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Crank slider-4 bar linkage

  1. Jan 12, 2005 #1
    anybody knows about 4 bar linkage??
    there's a crank and slider mechanism and i need help... i would like to know more about the crank slider and what is it made of?? what is that slider made of?? roller?? 2 bars and a square metal?? help!! thanks alot...
     
  2. jcsd
  3. Jan 13, 2005 #2

    brewnog

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    If it's in a mechanics textbook, it doesn't matter. It's just a model, it means that the slider is allowed to slide but restrained in other directions of movement.
     
  4. Jan 13, 2005 #3
    emm.. no... what if it's not in the textbook... and i am suppose to make the slider out... do you or anyone have any ideas?? thanks... cos currently i am having my industrial attachment thingy and i am thinking of some machine improvements... and need to design something like that... and i do not know what that thing is actually like.. what i know is just the model and the drawing..
     
  5. Jan 13, 2005 #4

    brewnog

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    Well I'm not sure I understand.

    What are you making? Could you use a smoothed block and some polished surfaces? Perhaps a t-slide? Or just some rollers? If you provide more information we might be able to help!
     
  6. Jan 14, 2005 #5
    it is not easy to explain... emm... cos i am designing some improvements... and i just want to know how a crank slider work and how is it like(for the real) thing...
    i am still designing and i need to know it just to visualise whether it can be fixed onto that machine or not... cos due there is some obstructions, i got to first visualise and see whether will it works..
    thanks so much for your help...
     
  7. Jan 14, 2005 #6
    A normal piston engine is an example of a crank slider. The piston is the slider. The fourth bar in a four bar linkage doesn't move - it is the frame that the other (moving) bars attach to.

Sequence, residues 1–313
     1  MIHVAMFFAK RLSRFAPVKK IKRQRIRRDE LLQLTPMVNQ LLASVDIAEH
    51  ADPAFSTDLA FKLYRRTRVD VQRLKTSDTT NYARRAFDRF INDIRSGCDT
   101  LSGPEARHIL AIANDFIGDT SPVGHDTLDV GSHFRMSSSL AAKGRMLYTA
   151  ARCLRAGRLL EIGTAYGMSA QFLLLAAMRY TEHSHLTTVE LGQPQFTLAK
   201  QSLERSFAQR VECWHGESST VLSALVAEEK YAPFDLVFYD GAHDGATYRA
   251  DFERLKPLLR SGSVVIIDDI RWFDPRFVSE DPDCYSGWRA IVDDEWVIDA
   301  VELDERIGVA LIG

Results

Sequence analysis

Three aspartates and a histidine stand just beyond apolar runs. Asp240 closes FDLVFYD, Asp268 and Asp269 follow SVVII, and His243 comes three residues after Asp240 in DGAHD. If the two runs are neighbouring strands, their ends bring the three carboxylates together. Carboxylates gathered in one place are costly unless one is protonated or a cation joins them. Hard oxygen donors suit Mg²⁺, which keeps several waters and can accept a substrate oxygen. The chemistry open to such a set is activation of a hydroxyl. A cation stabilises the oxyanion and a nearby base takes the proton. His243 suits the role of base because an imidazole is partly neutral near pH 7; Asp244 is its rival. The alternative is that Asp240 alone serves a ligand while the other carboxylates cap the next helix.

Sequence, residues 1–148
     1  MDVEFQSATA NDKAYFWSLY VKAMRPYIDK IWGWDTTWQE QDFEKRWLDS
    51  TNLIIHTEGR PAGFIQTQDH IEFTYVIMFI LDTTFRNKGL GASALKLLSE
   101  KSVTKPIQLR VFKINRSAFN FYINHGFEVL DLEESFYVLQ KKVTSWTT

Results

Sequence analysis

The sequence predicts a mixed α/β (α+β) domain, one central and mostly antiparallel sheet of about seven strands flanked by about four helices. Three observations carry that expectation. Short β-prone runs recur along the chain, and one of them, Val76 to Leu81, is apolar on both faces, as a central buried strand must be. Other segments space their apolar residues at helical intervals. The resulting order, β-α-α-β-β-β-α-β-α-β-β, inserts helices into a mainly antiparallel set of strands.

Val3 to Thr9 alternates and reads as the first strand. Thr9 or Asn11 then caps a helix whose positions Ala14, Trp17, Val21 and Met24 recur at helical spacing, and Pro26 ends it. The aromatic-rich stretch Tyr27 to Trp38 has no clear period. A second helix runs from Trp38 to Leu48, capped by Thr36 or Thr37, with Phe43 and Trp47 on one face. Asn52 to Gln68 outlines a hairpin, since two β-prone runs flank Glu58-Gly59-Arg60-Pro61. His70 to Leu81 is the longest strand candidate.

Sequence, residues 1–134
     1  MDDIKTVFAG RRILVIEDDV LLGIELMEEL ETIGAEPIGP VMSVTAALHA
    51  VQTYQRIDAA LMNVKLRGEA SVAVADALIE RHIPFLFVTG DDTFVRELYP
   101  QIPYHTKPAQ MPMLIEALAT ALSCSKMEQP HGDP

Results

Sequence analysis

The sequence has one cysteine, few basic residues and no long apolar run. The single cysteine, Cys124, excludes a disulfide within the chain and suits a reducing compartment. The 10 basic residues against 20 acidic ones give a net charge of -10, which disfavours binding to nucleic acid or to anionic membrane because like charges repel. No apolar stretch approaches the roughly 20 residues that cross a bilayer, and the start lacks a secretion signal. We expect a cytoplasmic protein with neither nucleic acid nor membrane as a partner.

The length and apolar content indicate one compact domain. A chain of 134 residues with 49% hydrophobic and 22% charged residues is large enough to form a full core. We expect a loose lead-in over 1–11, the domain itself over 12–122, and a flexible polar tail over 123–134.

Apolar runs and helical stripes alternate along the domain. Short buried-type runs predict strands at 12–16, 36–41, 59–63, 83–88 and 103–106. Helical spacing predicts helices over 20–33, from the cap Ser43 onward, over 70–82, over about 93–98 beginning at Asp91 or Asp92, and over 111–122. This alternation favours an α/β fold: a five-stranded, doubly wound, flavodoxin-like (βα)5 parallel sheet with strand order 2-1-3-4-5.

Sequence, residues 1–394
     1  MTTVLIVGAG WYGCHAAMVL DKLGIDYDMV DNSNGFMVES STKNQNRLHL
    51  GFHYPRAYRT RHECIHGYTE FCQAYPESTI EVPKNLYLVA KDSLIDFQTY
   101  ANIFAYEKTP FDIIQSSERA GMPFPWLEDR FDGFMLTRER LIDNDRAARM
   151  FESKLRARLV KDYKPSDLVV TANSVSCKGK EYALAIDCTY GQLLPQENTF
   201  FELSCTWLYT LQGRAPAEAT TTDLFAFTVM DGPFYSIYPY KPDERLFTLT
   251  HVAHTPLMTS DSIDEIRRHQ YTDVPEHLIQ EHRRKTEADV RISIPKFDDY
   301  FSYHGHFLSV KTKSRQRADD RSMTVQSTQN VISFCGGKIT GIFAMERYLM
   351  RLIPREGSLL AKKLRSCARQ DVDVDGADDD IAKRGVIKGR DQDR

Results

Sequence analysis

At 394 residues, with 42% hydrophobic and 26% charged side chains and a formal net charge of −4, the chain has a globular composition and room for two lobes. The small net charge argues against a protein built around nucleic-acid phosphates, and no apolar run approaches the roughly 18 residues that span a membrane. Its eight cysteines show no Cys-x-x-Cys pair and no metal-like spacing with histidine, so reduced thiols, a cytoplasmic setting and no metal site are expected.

8. Jan 16, 2005 #7
    thanks so much for your help, ceptimus... so, is the piston hydraulic?? or pneumatic?? normally for a four bar linkage, a motor is attached to trigger it to move the bars, so for this crank and slider, it is the slider that is using a piston to move the rest of the bars??
     
  9. Jan 16, 2005 #8

    brewnog

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    You're not making any sense.

    A four bar linkage is just a simplification for a mechanism found in many machines, the piston engine is just one of them. In a car engine, the piston is powered by expanding gases being combusted. On something else, the mechanism may be hydraulically actuated, or driven by an electric motor, or by a big hamster wheel, whatever.


    Show us your application and we'll show you how it works. Perhaps you have a motor turning your crank, perhaps you have a compressed source pushing a piston, all you've told us is that you're using a four-bar linkage!
     
  10. Jan 18, 2005 #9
    so the four bar linkage is a simplification for mechanism found in machines, i got what you mean. because what i have learnt are those theories part of this four bar linkage and it doesn't tells me that it is the simplification for mechanism found in machines or maybe i didn't make good notice of it.

    well, i don't have the application, because i am trying to design out and four bar linkage just come to my mind. what i am going to design is a mechanism that can flip parts (from die casting) when the part is being dropped from the top by a robot arm. i am still learning as i am an IA (industrial attachment) student and that is my task and that is also why i want to know more about this four bar linkage.

    you get me now?
     
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